New bidders reportedly emerge for TikTok in the US as powerful critics assail the process
The Wall Street Journal is reporting that TikTok and Twitter have held talks about a potential merger, even as the video sharing company defends itself against President Donald Trump’s pressure to force the sale of the business or potentially ban it.
As the internationally distributed video streaming version of Chinese technology developer Bytedance’s social media app, TikTok has amassed a global user of avid consumers for its short form videos, including at least 100 million users in the US.
According to The Wall Street Journal, Twitter and Bytedance have had preliminary talks about a merger of TikTok’s US operations with the publicly traded social media company. The Journal noted that Microsoft remains the front-runner for TikTok’s business in the US, Australia, Canada and New Zealand, and that a potential tie-up with Twitter would just be for TikTok’s North American business.
Any Twitter bid for Bytedance’s TikTok business would likely have to bolstered by additional investors, since TikTok is valued anywhere between $15 billion and $50 billion dollars — far too big a bite for Twitter, which has a market capitalization of $29 billion.
Last week, President Trump signed an executive order that would force the sale of TikTok’s US operations or face being banned. So Bytedance has to find a buyer before Sept. 15, or shut the business down in the US.
So far, Twitter and Microsoft are the only reported bidders for Bytedance’s business, but others could emerge. And there’s the potential that any sale could be scuttled by lawsuits challenging the President’s executive order.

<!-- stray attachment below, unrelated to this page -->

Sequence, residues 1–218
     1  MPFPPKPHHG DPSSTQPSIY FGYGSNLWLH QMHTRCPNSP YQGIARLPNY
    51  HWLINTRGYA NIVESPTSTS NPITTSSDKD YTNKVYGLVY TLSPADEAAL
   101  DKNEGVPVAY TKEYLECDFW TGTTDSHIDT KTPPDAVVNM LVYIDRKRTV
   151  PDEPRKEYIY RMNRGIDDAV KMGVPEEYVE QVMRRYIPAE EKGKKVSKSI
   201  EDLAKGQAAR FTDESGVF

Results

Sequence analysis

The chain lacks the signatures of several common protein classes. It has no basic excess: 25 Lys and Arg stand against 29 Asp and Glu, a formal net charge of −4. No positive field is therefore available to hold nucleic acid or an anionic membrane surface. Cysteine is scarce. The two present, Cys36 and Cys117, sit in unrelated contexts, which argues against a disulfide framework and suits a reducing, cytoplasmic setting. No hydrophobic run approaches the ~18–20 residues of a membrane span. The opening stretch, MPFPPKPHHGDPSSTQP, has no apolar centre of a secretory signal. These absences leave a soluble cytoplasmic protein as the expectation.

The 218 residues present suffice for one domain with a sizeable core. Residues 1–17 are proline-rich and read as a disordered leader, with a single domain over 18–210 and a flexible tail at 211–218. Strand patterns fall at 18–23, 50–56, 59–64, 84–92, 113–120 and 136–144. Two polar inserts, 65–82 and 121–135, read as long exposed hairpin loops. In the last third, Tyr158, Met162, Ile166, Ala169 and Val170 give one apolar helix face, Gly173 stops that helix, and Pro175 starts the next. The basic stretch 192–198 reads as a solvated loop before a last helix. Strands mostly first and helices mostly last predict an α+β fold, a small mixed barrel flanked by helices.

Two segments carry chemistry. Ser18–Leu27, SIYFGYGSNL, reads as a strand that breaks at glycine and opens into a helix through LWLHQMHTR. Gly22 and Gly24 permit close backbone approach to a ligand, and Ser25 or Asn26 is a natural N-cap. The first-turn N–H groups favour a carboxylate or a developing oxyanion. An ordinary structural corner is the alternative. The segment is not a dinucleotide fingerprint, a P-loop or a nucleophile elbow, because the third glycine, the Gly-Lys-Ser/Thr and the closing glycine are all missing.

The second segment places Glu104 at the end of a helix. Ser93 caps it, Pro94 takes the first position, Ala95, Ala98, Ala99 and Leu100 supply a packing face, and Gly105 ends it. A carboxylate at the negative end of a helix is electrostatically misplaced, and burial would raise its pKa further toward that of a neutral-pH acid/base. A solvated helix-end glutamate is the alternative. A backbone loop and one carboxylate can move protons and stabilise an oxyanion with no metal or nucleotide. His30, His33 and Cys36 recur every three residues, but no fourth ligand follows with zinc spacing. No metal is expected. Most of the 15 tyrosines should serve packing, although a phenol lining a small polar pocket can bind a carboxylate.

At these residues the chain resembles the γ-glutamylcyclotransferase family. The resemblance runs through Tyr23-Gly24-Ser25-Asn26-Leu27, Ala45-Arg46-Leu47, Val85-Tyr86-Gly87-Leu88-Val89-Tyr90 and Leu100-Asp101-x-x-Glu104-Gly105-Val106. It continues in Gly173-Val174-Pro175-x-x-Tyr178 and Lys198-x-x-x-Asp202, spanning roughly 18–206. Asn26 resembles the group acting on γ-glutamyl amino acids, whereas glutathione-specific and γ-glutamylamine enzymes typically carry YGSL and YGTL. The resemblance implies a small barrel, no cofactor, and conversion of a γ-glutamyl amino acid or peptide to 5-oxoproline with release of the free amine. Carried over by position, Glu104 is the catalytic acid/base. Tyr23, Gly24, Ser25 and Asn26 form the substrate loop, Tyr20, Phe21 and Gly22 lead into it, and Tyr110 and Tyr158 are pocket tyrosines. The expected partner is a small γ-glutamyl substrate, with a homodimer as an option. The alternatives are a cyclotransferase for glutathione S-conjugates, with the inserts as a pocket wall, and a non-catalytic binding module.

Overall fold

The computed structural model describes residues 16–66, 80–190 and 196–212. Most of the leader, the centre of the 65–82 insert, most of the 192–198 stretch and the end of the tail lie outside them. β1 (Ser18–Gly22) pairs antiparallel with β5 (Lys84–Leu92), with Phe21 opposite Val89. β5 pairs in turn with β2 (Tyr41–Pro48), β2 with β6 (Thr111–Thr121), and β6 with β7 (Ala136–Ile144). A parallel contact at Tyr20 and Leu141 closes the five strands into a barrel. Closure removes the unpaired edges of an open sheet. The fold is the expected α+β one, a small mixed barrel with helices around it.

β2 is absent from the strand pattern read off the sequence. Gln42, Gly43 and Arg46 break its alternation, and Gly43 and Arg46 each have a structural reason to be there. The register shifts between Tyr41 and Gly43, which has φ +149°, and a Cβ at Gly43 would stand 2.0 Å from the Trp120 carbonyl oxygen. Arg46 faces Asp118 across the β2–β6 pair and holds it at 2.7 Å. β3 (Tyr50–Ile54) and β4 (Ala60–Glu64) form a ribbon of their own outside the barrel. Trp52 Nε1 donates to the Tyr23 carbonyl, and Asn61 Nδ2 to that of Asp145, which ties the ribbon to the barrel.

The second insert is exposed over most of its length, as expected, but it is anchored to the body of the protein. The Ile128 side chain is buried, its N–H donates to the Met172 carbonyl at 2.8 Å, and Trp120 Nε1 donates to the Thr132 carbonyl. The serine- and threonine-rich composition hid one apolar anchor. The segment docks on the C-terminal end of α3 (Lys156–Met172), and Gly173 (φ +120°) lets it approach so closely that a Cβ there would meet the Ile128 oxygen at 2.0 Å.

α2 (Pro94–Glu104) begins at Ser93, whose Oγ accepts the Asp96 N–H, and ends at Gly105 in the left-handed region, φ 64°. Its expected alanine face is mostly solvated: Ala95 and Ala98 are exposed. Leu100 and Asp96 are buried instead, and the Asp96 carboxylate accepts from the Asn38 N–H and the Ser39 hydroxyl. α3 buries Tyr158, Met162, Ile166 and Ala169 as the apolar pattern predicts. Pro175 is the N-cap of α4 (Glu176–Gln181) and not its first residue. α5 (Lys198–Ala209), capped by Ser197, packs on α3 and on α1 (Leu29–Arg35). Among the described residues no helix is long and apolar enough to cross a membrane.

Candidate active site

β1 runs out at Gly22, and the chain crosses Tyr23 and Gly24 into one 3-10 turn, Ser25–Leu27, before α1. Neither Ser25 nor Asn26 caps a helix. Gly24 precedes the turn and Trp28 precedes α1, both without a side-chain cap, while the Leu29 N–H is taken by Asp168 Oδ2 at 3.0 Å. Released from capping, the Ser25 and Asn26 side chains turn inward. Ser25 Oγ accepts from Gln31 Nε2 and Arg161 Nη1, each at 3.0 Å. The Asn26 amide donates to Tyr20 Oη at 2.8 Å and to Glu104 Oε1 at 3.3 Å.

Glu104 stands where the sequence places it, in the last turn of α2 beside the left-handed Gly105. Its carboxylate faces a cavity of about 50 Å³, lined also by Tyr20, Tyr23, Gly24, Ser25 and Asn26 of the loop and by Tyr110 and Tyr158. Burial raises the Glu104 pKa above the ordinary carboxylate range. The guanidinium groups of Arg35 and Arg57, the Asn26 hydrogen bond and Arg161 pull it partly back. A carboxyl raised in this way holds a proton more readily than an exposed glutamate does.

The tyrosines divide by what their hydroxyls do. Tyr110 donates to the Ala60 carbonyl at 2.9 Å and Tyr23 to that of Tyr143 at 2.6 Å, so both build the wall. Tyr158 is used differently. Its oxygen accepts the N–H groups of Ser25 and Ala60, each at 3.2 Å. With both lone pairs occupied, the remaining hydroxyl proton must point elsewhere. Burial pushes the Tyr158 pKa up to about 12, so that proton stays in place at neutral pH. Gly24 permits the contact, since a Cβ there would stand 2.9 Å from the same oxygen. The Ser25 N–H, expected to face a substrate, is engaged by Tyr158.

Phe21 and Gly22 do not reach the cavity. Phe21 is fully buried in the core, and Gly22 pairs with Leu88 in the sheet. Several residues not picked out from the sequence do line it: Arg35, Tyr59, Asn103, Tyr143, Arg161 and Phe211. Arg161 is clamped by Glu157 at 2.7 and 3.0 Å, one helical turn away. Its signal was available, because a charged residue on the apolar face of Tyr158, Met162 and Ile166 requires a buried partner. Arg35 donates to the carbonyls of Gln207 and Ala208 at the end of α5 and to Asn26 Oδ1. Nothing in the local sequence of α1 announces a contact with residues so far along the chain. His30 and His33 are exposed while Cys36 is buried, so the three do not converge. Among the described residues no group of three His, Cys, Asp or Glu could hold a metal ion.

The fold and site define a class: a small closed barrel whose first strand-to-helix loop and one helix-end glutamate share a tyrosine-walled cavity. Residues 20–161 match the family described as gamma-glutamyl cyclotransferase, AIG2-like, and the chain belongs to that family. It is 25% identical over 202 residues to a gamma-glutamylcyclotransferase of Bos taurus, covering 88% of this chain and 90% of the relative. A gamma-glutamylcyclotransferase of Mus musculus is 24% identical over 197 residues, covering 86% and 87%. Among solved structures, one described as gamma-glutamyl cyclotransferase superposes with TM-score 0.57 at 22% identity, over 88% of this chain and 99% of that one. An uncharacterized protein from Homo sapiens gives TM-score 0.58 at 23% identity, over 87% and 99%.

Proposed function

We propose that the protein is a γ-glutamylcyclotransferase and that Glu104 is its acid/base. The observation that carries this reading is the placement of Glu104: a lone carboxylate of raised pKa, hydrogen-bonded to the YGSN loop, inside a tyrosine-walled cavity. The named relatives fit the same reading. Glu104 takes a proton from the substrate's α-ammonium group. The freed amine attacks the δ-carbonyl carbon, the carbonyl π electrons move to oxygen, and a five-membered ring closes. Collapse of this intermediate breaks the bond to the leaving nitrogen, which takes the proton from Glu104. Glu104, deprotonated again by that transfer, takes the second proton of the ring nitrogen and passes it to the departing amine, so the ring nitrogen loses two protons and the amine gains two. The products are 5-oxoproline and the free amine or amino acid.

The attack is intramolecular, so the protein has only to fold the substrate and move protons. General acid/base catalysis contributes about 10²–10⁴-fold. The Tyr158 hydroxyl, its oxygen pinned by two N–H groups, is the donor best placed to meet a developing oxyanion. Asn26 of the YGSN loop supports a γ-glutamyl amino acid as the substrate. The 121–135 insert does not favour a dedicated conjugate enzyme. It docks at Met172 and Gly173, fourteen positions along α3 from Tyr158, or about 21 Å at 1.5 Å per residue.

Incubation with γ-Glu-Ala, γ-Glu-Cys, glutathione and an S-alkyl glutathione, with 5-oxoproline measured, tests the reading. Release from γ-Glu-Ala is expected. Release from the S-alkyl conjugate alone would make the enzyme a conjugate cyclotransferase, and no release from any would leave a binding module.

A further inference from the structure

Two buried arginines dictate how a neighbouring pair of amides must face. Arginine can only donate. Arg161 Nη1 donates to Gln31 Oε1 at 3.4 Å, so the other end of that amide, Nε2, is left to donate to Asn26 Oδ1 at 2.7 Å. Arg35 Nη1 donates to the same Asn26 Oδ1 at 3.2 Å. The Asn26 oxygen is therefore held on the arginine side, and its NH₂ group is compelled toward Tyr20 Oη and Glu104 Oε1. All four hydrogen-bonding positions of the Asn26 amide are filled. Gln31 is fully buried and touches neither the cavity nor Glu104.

On Saturday, National Public Radio reported that TikTok is planning to do just that. The company will reportedly argue that the executive order from the President didn’t follow due process, and that its underlying argument that TikTok poses a national security threat is baseless, according to NPR.
Some prominent figures in the technology industry, like Bill Gates, are also questioning the process by which Bytedance is being forced to sell its business.
“[Having] Trump kill off the only competitor, it’s pretty bizarre,” Gates said in an interview with Wired. “[The] principle that this is proceeding on is singly strange. The cut thing, that’s doubly strange.”
If Twitter, were, by some miracle, to acquire TikTok’s US operations, it would add a huge additional pillar to the company’s business and permanently reshape the social media landscape. It would add a massive new user base and change the demographics of the company’s user base.
The irony of such a deal shouldn’t be lost on longtime tech watchers, who will remember that Twitter had the opportunity to become TikTok if it hadn’t killed the short form video streaming service, Vine.
Mr. Trump’s statements against TikTok have caused concern among potential buyers. Microsoft and ByteDance have been discussing a potential deal for weeks, The Wall Street Journal has reported. But when Mr. Trump told reporters aboard Air Force One on July 31 that he planned to ban TikTok, the companies were caught off guard and paused their discussions until they had more clarity about Mr. Trump’s plans, the Journal has reported.